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IPv6 finally on the horizon

By Donna Donnawitz
May 2, 2012
On June 6, the second iteration of World IPv6 Day will take place, but this time, many of the participants will keep IPv6 turned on, marking a major milestone in the internet's development. According to a recent ZDNet report, the change is one that will not have a major affect on consumers or even small businesses, but IT professionals and larger companies need to not only be aware of the impending rise of IPv6, but start doing something about it.

The news source explained that there is nothing wrong with IPv4, except for the fact that the number of IP addresses available through the new standard are on the brink of running out. As a result, internet service providers will soon begin distributing IPv6-based IP addresses to replace IPv4. For the average consumer and small business, they will likely be able to use their current hardware for at least a few more years, probably until 2020, until they need to think about replacing it in order to support IPv6. However, businesses face a far different circumstance because they tend to buy hardware in bundles and need to make sure their data center systems are capable of handling IPv6 requests from users outside the network, such as customers trying to access the company website.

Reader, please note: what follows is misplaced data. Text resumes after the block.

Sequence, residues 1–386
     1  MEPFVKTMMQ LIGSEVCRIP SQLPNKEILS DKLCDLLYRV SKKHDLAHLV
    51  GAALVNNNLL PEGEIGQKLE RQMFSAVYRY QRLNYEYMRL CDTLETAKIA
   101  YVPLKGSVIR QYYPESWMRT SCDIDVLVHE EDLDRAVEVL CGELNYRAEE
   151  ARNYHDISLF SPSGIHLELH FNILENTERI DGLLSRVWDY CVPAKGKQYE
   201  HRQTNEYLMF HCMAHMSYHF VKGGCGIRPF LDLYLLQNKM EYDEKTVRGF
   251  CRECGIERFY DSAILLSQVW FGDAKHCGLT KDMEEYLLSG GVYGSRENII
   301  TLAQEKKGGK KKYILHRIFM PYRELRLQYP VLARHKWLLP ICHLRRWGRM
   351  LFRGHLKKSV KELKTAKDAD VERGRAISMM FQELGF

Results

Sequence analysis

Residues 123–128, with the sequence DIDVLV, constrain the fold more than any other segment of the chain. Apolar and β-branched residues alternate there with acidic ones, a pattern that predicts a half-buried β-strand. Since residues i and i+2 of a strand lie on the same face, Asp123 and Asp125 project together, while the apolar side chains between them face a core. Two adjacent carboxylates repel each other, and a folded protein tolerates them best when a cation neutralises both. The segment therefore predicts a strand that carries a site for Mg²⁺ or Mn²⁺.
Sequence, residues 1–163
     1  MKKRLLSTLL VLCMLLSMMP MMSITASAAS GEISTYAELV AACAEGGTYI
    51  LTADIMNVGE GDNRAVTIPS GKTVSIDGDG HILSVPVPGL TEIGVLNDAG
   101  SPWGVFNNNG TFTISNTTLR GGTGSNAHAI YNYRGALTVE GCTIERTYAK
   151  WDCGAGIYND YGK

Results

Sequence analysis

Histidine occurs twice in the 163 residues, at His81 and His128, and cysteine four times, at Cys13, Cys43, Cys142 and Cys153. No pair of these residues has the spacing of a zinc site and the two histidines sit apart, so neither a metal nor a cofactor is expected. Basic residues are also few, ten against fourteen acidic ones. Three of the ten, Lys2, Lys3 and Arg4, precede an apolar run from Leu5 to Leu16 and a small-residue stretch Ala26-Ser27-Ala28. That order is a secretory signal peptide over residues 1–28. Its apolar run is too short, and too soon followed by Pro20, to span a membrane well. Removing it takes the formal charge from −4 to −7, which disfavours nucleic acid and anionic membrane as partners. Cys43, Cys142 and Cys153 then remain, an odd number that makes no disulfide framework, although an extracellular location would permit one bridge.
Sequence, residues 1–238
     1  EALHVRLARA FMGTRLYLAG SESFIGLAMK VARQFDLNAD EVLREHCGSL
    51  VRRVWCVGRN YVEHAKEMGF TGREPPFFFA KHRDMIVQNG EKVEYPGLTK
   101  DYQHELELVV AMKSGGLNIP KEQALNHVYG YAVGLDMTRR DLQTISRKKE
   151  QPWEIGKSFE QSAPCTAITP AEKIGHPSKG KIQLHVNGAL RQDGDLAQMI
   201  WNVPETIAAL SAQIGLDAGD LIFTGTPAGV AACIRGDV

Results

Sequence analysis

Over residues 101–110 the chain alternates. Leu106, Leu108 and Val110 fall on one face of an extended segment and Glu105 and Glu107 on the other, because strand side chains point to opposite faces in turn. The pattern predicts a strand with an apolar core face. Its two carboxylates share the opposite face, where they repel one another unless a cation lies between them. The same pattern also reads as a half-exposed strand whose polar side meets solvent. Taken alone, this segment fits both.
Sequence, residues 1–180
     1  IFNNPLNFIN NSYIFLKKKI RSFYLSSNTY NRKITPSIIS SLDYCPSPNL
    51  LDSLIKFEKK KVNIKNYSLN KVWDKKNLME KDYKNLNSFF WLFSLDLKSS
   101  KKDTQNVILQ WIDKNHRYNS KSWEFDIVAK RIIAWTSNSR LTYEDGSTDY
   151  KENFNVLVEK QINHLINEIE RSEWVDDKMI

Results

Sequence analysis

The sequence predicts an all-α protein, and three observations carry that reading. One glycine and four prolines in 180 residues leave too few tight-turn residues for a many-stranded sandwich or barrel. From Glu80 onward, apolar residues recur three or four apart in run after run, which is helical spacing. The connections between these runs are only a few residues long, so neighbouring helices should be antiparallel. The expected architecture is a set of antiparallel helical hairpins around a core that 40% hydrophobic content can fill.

According to the news source, getting used to IPv6 is kind of like becoming accustomed to a new car. It may be extremely different under the hood, may even have a few things that really feel different, but in the end, you still use it the same way. Only the mechanics need to know the inner workings of the new machinery. Similarly, IPv6 won't change the internet much for end users, but businesses hosting their own websites, web applications and other programs based online will need to respond to the IPv6 shift by not only updating their systems, but making sure their staff is trained to support the protocol.

While businesses may have time before IPv6 becomes mainstream, losing potential sales opportunities because IPv6 users cannot access the website is something no company wants to deal with. Furthermore, IPv6 and IPv4 will be active simultaneously for quite some time, meaning companies need to prepare the network to host both protocols. This represents a significant challenge and businesses may need to respond by moving quickly toward IPv6 adoption.

Perle’s serial to Ethernet converters connect serial based equipment across an Ethernet network. The Perle IOLAN range of Console Servers, Device Servers and Terminal Servers feature built-in support for IPv6 along with a broad range of authentication methods and encryption technologies.


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